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Athena vs BigQuery

A detailed comparison

Compare Athena vs BigQuery by the following set of categories:


Athena
is serverless and built on a decoupled storage and compute architecture that queries data directly in S3, without the need to ingest/copy the data. It runs in multi-tenancy with shared resources. Users do not have control over the compute resources Athena chooses to allocate per query from the shared resource pool. 

BigQuery was one of the first decoupled storage and compute architectures. It is a unique piece of engineering and not a typical data warehouse in part because it started as an on-demand serverless query engine. It runs in multi-tenancy with shared resources, allocated as “slots” which represent a virtual CPU that executes SQL. BigQuery determines how many slots a query requires, without the ability of the user to control it.

Athena vs BigQuery

The biggest difference among cloud data warehouses are whether they separate storage and compute, how much they isolate data and compute, and what clouds they can run on.


Athena
is a shared multi-tenant resource, with no guarantees on the amount or availability of the resources allocated for your queries. From a data volume perspective, it can scale to large volumes, but large data volumes can suffer from very long run times and frequent time outs. Query concurrency is maxed at 20. If scalability is a top priority, Athena is probably not the best choice. 

BigQuery scales very well to large data volumes, and automatically assigns more compute resources when needed behind the scenes, in the form of “slots”. BigQuery works either in an “on-demand pricing model”, where slot assignment is completely in the hands of BigQuery and the state of the shared resource pool, or in “flat-rate pricing model” where slots are reserved in advanced. With reserved slots there is more control over compute resources, thus making scaling more predictable. Concurrency is limited to 100 users by default.

Athena vs BigQuery

There are three big differences among data warehouses and query engines that limit scalability: decoupled storage and compute, dedicated resources, and continuous ingestion.

Athena (and Presto) are designed to query data where it is, sacrificing storage-compute optimizations. This makes it very convenient for easy and immediate querying but at the expense of performance. This typically puts Athena behind cloud data warehouses in terms of performance. But Athena still does relatively well in performance benchmarks, especially when external storage is managed by experts. While it supports partitions, there is no support for indexing, and together with the fact that resources are pooled from a shared multi-tenant service, low-latency and consistent performance are not Athena’s sweet spot. A cloud data warehouse be more performant better than Athena in most cases.

BigQuery lines up in benchmarks in the same ballpark as other cloud data warehouses but does come in consistently last in most queries. Beyond implementing according to best practices, there is little you can do to accelerate BigQuery performance, as it determines the amount of resources (slots) the query needs for you. BigQuery can be used together with “BigQuery BI Engine” for lower latency analytics. However, BI Engine is limited in terms of scale because it runs in memory. Its maximum capacity is 100GB.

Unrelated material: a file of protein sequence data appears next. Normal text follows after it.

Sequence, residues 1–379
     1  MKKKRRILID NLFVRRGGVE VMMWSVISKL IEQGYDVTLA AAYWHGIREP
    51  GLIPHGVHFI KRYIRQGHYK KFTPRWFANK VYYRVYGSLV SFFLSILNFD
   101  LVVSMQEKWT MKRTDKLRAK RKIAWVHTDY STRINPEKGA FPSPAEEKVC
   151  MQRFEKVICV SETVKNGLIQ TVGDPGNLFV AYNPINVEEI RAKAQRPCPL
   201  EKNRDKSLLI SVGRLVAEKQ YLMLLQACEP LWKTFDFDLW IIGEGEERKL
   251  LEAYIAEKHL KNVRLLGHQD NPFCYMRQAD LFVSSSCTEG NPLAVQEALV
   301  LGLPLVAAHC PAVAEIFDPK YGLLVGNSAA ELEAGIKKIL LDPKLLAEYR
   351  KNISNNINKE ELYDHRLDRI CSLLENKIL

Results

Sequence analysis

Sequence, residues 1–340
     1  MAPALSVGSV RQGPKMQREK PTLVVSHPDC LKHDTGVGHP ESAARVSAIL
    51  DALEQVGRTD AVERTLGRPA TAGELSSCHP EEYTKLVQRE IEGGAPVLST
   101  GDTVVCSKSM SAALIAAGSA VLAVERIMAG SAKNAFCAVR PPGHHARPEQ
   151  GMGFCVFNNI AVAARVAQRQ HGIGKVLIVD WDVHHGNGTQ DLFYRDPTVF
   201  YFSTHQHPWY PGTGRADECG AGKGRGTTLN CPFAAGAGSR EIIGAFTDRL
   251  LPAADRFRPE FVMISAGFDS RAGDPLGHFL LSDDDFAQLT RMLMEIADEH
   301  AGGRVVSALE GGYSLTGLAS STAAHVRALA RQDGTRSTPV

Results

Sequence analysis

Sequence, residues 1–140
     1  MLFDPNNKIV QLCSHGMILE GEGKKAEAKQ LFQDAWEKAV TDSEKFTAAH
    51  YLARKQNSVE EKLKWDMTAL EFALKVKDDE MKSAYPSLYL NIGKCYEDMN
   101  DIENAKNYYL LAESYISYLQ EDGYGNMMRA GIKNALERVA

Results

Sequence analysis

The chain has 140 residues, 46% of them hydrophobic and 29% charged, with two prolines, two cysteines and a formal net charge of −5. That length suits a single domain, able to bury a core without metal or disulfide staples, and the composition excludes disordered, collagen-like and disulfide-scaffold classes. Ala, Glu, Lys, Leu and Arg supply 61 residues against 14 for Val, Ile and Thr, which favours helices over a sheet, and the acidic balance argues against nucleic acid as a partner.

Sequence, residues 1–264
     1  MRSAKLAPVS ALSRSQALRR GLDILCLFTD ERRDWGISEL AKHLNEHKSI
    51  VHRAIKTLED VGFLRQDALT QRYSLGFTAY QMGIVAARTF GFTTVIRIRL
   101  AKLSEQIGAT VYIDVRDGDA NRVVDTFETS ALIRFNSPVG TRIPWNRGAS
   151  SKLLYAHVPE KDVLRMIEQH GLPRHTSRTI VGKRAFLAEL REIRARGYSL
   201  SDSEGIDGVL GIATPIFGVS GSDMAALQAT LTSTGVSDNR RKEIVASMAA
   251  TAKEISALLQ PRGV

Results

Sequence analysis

Athena vs BigQuery

Performance is the biggest challenge with most data warehouses today.
While decoupled storage and compute architectures improved scalability and simplified administration, for most data warehouses it introduced two bottlenecks; storage, and compute. Most modern cloud data warehouses fetch entire partitions over the network instead of just fetching the specific data needed for each query. While many invest in caching, most do not invest heavily in query optimization. Most vendors also have not improved continuous ingestion or semi-structured data analytics performance, both of which are needed for operational and customer-facing use cases.


Athena
is a great choice for Ad-Hoc analytics. You can keep the data where it is, and start querying without worrying about hardware or pretty much anything else, given that Athena is serverless and takes care of everything behind the scenes. However, it is not a great fit when you need consistent and fast query performance, and/or high concurrency. This is why it is typically not the best choice for operational and customer-facing applications. It can be also easily and flexibly used for batch processing, which is often leveraged for ML use cases. 

BigQuery is a mature general-purpose data warehouse, which lends itself well to internal BI & reporting. The fact that it’s serverless in nature and tightly integrated with GCP, makes it very convenient for Ad-Hoc analytics and ML use cases on GCP. On the other hand, because BigQuery makes resource allocation decisions for you, it is not always the best fit for operational use cases and Data Apps where performance needs to be consistent and predictable.

Athena vs BigQuery

There are a host of different analytics use cases that can be supported by a data warehouse. Look at your legacy technologies and their workloads, as well as the new possible use cases, and figure out which ones you will need to support in the next few years.

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